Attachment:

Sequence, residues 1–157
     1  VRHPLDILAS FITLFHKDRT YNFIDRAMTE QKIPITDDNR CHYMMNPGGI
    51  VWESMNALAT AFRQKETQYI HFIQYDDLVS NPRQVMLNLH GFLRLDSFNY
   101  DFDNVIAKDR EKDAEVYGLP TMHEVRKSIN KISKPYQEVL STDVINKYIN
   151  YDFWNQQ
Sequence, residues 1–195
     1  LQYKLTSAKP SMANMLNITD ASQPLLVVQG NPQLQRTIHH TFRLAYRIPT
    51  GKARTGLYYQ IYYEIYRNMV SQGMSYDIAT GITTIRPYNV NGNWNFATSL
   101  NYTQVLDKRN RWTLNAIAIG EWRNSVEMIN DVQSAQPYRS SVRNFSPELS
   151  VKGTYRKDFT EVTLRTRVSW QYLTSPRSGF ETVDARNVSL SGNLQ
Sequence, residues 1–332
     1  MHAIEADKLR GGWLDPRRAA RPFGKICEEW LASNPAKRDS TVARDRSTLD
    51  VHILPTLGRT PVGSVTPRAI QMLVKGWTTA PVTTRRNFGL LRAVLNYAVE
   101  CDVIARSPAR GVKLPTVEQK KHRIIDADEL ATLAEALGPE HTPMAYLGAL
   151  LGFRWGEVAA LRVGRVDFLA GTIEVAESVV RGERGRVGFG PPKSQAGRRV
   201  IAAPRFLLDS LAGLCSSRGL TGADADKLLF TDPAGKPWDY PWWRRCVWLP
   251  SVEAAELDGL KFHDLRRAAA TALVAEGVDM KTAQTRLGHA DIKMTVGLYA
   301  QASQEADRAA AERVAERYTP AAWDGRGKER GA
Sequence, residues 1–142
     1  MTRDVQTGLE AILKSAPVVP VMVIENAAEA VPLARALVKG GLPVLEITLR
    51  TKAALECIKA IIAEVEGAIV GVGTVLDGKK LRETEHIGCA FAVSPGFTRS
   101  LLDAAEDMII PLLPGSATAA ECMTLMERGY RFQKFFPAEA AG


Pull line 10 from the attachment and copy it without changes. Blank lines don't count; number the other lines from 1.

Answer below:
   151  VKGTYRKDFT EVTLRTRVSW QYLTSPRSGF ETVDARNVSL SGNLQ